Expand the Problem

by Tom Swift

I have been drawn of late to the remarks and writings of certain politically conservative intellectuals — contemporary critics guided by principles rather than power or policy agendas. People who do or did identify as Republicans all of their lives but who at this critical time are willing to speak truth even if it means blowback in the form mean tweets — people who don’t change or hide their values because their political party would have them do so. If the president is ineffective and/or unstable, they say so. Data and science are important. Intelligence matters.

David Frum, former speechwriter for George W. Bush and current writer-editor at Atlantic magazine, is one of my favorite examples. When he is on, I tend to watch. When he writes an essay, I tend to read. And so when he was a recent guest on the Daily Stoic podcast, which is otherwise hit-or-miss for me, I made a point to listen. The topic of the interview was that of political courage. Quick review: it’s worth the time.

Among the reasons why I am drawn to thinkers like Frum is that he is, well, really bright. He has the fearlessness of security that comes from earned intelligence: he has read the books. He doesn’t try to shock, he doesn’t try to be provocative — even when he is doing and being exactly that. When you are secure in yourself you don’t worry much what others think. Frum also has a gift for words; he turns a good phrase. He is an independent thinker and often his takes are unique. Read his essays and it’s not hard to tell he was a speechwriter for the highest office in the country.

Most of all, what I appreciate even more than the flourish of his words is the economy of same. So often when I listen to people who have viewpoints with whom I generally agree — political pundits or opinion journalists, even legal minds with high profiles — my reaction is to scratch my head. They use too many words. Sometimes so many words that the point is lost — forest for the trees.

I wonder if there is something to be said here about the downside of empathy, sensitivity — that when your tentacles are acute you tend to pick up too much. You try too hard to be inclusive. It’s good to see all sides, of course, that is part of intelligence, but, to be effective, conversation must be clear. While nuance matters, and few matters in life are black and white, if you only have sixty seconds to speak — if you only have 1,500 words of space — you don’t get to say everything. And to try is to often say nothing at all.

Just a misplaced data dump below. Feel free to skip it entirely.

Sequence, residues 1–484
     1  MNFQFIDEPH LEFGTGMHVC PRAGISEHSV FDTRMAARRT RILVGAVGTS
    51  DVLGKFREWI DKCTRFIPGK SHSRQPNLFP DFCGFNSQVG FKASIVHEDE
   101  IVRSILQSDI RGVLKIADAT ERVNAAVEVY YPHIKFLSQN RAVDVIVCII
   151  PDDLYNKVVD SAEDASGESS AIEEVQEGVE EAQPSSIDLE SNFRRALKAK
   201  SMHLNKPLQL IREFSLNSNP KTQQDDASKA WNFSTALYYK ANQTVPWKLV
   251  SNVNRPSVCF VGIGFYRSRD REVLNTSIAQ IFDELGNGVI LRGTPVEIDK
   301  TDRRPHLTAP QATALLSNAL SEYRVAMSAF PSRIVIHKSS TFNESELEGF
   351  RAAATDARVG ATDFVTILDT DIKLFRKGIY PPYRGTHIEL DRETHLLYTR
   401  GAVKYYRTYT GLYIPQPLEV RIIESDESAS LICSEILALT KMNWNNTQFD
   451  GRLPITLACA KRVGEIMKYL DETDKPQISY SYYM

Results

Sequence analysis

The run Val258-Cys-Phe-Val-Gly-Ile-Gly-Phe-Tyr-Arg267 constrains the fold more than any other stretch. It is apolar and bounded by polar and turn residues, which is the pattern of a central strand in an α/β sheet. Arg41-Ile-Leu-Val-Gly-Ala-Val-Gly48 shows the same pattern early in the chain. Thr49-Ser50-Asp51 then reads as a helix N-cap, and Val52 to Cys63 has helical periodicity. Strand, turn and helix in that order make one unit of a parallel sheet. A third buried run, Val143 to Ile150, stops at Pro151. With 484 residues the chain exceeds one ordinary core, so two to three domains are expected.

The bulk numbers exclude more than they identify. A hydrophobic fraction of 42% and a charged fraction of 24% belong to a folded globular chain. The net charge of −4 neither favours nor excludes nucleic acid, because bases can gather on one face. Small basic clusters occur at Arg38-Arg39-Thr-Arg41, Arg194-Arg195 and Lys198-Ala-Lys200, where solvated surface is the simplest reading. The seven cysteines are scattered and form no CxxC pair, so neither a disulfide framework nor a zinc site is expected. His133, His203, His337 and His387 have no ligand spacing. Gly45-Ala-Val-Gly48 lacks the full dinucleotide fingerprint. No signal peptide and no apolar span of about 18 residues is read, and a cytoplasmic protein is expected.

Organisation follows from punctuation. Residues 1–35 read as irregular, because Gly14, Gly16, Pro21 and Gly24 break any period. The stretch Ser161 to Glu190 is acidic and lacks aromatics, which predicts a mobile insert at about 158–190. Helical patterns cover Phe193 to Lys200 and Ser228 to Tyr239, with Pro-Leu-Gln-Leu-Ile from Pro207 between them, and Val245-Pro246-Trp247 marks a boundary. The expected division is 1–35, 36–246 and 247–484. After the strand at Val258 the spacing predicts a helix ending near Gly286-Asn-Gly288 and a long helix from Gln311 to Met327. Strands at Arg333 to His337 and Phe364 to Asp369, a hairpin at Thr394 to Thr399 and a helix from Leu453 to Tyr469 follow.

Frum seldom fails to say something and one line from the aforementioned podcast interview has stuck with me a few days after I listened to it: “Expand the problem,” he said.

The conversation at that point was about the number of significant problems our country currently faces and will continue to face in the decade to come. Pandemic. Health care. Climate change. Jobs. Rather than tackle one or the other of these problems, he said — and he acknowledged this was not an original thought; he said it’s been attributed to Dwight Eisenhower — expand the problem. Meaning, look for a solution that addresses all or many of these challenges at the same time.

Leaving aside public policy — as much as I would like to, it’s not my goal to solve the pandemic, health care, climate change right here in this post — I find the idea personally useful. How often do I see a problem, or a series of problems, as isolated issues to be addressed until I can get on with the real business of life — the so-called “important” parts, the ones that matter to me most? And how often is it the case that as soon as I engage the problem I lose a sense of perspective — that these matters are part of my larger purpose? Expand the problem. When I connect to something larger in me, the small things stay small. They may still take time and attention, sure. But they don’t weigh me down as much as they would if I made them my focus with blinders on.

I am talking, of course, of purpose. When we look at life as one to-list item after another it starts to feel like we are always working at a job that doesn’t mean much to us — and doesn’t pay well. Flip those same tasks around — paying bills, the chores of maintaining a home, even in some cases the jobs we do for monetary pay — and they can be seen as part of a larger life purpose. When moments have meaning we have energy for life in those moments.

On my to-do list write now are a few stale items: a thank you note that is overdue, a purchase I want to make, a short task I want to learn how to do. On one hand, I think of these things as mundane matters that at one point I thought I should do. I can also think of them as part of my larger purpose — that by doing them they speak to my reason for being, that not by not doing them they are holding me back from that same reason.

The analogy is breaking down here some, a clear thinker like Frum would likely point out. I may also have lost any readers who wanted to stay with me. I’m OK with the imperfect analogy, and I apologize if I am at all not clear on how that analogy is useful to me. I suspect my thinking will sharpen in response to this post. The key at this point is to introduce the idea to the psyche so that the psyche can add it to the mix when I am on autopilot.

To expand a problem is, by definition, a way to expand one’s thinking. Hopefully, I will do so in my mind as concisely as Frum articulates his political points in the public square.